The 40th anniversary issue of Rolling Stone magazine is shown in this undated publicity photo released to Reuters April 18, 2007.[AP]
Rolling Stone magazine is serious about celebrating its 40th anniversary.
Just a year ago, the music magazine marked its 1,000th issue with a fun-themed double issue and a big party. This time, founder and editor Jann Wenner is more pensive as he prepares to put out the first of three commemorative editions.
"I thought I'd just make the 1,000th issue more of a celebration and a party-type thing. For the 40th anniversary, I thought we'd better crack down, do some real gravitas, and spread it out," he told Reuters.
The first issue hits newsstands on Friday. It's entitled "Where We've Been" and tracks the progress of the baby-boomer generation through interviews with the likes of Bob Dylan, Mick Jagger, Paul McCartney and Steven Spielberg. It also includes musings from members of the silent generation, such as Jack Nicholson and President Carter.
The second issue, due in June, focuses on the so-called "summer of love" of 1967, the backdrop for the magazine's launch in San Francisco. The series will be rounded out in November, with a forward-looking issue where artists and pundits will attempt to predict the future.
The third special issue may coincide with some sort of event to enhance the Rolling Stone brand, but Wenner was not particularly enthusiastic.
"It wouldn't be a party. I'd like to rather do something else, and I'm not quite sure what it is yet," he said.
Wenner interviewed Dylan for the "Where We've Been" issue, flying to Amsterdam for a two-hour summit with the enigmatic subject of 14 cover stories.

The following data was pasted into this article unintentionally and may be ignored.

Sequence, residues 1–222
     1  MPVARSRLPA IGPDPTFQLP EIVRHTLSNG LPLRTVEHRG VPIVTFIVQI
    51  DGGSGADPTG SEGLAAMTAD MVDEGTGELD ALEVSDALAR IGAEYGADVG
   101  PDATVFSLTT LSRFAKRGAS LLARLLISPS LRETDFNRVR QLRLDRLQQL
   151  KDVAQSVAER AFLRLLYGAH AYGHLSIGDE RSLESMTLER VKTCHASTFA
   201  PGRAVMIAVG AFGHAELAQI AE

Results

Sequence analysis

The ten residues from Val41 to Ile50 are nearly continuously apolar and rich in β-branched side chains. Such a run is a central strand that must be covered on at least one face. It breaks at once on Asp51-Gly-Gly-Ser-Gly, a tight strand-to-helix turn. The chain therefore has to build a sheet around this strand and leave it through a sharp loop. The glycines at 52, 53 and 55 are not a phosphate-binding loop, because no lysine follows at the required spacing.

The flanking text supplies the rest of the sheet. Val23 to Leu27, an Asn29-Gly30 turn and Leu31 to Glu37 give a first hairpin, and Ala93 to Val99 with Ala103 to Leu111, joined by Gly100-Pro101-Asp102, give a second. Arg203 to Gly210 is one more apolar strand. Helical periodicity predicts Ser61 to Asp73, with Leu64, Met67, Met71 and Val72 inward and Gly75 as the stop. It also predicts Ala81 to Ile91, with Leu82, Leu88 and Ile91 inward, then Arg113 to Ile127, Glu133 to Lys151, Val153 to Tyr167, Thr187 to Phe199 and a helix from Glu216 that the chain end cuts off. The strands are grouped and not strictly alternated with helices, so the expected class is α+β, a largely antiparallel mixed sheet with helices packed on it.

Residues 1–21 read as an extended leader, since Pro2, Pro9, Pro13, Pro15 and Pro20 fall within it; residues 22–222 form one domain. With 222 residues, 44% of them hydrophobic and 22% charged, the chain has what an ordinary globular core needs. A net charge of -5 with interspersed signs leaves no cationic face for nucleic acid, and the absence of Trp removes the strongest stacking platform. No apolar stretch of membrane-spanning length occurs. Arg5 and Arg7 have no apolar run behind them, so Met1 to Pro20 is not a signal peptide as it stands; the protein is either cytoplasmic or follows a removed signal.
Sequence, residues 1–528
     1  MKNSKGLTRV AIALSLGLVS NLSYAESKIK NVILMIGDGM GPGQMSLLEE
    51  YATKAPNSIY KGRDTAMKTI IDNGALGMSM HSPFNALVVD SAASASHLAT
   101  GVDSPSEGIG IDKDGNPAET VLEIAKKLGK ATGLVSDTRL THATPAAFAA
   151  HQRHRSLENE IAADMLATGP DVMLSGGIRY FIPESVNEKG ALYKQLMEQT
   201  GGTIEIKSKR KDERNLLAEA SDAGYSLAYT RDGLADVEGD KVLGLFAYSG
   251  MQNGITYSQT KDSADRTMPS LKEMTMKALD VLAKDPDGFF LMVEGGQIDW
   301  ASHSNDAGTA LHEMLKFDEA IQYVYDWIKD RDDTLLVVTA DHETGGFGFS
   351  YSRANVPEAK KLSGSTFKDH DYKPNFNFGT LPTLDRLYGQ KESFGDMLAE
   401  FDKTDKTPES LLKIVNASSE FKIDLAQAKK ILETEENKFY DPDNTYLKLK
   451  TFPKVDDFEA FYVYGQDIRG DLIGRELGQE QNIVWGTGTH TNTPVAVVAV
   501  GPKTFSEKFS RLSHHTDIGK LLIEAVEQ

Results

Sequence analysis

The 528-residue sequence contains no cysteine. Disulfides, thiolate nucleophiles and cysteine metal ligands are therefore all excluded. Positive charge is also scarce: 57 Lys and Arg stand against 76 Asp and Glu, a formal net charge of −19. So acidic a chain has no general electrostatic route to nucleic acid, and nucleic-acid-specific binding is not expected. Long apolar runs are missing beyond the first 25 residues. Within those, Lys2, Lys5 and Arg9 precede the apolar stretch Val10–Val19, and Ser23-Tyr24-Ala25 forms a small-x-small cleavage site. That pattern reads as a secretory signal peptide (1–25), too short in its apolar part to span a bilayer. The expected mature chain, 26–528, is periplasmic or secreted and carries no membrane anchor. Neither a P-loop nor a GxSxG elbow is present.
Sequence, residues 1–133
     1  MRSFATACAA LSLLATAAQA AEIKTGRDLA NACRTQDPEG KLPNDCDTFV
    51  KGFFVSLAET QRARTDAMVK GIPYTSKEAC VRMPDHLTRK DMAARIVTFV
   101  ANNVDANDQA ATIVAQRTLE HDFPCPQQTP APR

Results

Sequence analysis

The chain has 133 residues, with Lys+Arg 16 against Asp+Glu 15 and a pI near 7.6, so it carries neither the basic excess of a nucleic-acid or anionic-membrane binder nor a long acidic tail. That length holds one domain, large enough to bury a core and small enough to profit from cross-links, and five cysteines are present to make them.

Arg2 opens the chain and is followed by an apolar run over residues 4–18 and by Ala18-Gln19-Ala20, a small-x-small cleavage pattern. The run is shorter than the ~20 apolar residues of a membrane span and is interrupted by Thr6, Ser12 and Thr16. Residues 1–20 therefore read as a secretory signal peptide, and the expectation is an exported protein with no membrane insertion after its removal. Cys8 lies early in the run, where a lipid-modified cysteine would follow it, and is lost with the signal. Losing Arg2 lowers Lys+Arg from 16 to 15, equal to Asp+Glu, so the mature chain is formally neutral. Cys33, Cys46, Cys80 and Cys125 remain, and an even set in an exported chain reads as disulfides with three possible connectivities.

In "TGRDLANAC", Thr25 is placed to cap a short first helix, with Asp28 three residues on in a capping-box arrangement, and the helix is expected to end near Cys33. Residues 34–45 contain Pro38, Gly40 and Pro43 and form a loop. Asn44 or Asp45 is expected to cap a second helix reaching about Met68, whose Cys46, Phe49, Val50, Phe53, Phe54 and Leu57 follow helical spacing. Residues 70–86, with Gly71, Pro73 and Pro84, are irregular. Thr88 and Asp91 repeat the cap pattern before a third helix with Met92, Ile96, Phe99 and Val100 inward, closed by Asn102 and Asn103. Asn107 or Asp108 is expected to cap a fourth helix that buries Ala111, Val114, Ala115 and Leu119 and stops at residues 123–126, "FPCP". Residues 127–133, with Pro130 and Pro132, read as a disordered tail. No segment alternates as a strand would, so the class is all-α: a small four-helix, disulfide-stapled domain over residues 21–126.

"You get a sense of who he is, and what he thinks, what his life is like a little today, what kind of personality," Wenner said. "He's on the road, he loves playing, he loves doing his work."
The two go back to 1969, 18 months after Wenner had launched Rolling Stone with John Lennon on the cover. In that time, the rookie publisher constantly pestered Dylan for an interview, and was finally rewarded with an audience at a New York hotel.
These days, 61-year-old Wenner is arguably just as famous as some of the rock stars in his magazine. Beyond the usual perils of aging, he feels he still has the same spirit and energy now as he did 40 years ago. With a bit more money.
His current listening choices include such rock bands as Kings of Leon, the Strokes and the Red Hot Chili Peppers, singer/guitarist John Mayer, and old standbys like Dylan and the Rolling Stones.
There are few professional regrets. A Frank Sinatra interview was dangled in front of the magazine but probably never would have happened anyway. And Wenner could have become one of the richest men on the planet if he had accepted an offer years ago to sell the magazine to MTV in return for a 25 percent stake in the fledgling music cable channel.
"I would never have had the wisdom or foresight to hang onto it and own more of (MTV parent) Viacom than (Viacom's billionaire chairman) Sumner Redstone," he said.